I recently received a cold call from a recruiter. Back in the day, when we were young and cocky Biglaw associates, we’d often just say “no thanks” and hang up on headhunters. For most of you, a call wondering if you’d like to explore a great opportunity in some department or other at another firm hasn’t occurred in years.
The economy just isn’t the same. For me, it’s been quite awhile since I received such a call. First of all, it’s fairly difficult to reach us; our numbers aren’t publicly available, thus making solicitations and cold calls something of an anomaly. Second, now that I’m in-house, the usual course is to seek out a recruiter, if necessary, rather than the other way around.
Well, my interest was piqued, and I chatted with her for about a half-hour. She works for a company with revenue much greater than I am used to, and a market cap well above my current employer’s. The job itself entails working on technology deals for a greater salary and overall compensation package. The company would also relocate me to a very palatable locale. Finally, the location is near many potential employers for my wife.
Seems like a great opportunity on its face. But, as one of my mentors has sagely stated, the devil you don’t know can be much worse than the devil you do know….
As I have reported here before, many folks who write to me (in fact, the vast majority) are looking to jump from firm life to in-house. And I completely understand. I can tell from the tone of their letters that they are in that miasma of drudgery and stress that can overwhelm an associate mentally and physically. They still cash the checks, but they are realizing that, for them, firm life must end.
Moving from one in-house position to another can be quite different. Hopefully, you’ve gotten the stress of firm life into a deeply recessed corner of your mind, and are at least satisfied with the work you’ve been doing. You’ve been given a great deal of autonomy sans billable hours, and you’ve gained back some semblance of a life. So, why would you look elsewhere?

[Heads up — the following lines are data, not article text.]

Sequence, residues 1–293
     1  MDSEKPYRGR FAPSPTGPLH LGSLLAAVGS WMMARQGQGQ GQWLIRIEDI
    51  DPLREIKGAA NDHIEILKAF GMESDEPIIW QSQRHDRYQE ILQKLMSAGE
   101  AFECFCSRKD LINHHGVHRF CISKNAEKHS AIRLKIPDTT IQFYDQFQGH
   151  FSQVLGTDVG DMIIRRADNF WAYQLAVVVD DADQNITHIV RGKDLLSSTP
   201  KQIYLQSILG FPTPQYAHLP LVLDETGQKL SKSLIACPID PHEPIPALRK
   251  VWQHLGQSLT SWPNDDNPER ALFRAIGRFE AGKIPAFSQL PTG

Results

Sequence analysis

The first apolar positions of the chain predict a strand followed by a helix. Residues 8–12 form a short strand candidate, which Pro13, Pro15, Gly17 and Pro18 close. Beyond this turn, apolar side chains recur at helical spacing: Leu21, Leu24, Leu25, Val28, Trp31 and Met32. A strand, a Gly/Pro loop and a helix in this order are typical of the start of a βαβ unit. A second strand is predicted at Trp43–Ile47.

Is it the competitive nature of the hunt that compels us to keep looking for something else? Is it a need borne of insecurity that impels us to keep searching? It is no secret that GCs of major corporations are routinely courted to leave their positions, so this phenomenon isn’t relegated just to those of us lower in the hierarchy. Perhaps it’s the thought that just over that fence is some greener grass –- or greener paychecks. But, the paycheck isn’t the end all anymore.
I had the paycheck, and a lifestyle to match. Of course that was before kids, and retirement planning, and saving for college, and continuing to pay down my infernal student loans. There is much more to consider at this stage in life than just a paycheck. It comes down to internal satisfaction. Do I come to work every day with a knot in my stomach, or do I wake up satisfied with what, and how, I’m doing?
This may seem like psychobabble shiite to those of you in a very real and serious situation of having to try to find work. But hear me out. It is no secret that I cannot be completely soul-baring in these posts. I’d be quickly fired, and shunned by colleagues and friends for letting too many cats out of their bags. And there’s a sticky wicket called ethical obligations regarding confidentiality. So, take what you read with a bit of salt, and know there is always more going on than gets expressed in a few hundred words.
My point in this post is that there’s no harm in looking. In fact, even the most loyal company-line advocate would be foolish not to at least listen to what may be out there. Even if you’re completely happy in what you’re doing, it is possible that you could be happier elsewhere. You never know.
That higher paying gig near the mountains, or the beach, might just come saddled with more stress than you ever experienced in a firm. I have a very good friend who left a firm only to become saddled with a ludicrous amount of multi-district litigation against his new company. Because he’s talented and smart, it didn’t phase him, but there was no panacea to his move. The same could be true for this job that the recruiter was selling me. Nice locale, nice salary, bigger company with potentially more opportunity long-term.
That job might well suck. The boss could be an ass, and the honeymoon could end before it begins. It’s nigh on impossible to tell, or know with any certainty. Beware the devil you don’t know.
After two federal clerkships and several years as a litigator in law firms, David Mowry is happily ensconced as an in-house lawyer at a major technology company. He specializes in commercial leasing transactions, only sometimes misses litigation, and never regrets leaving firm life. You can reach him by email at email@example.com.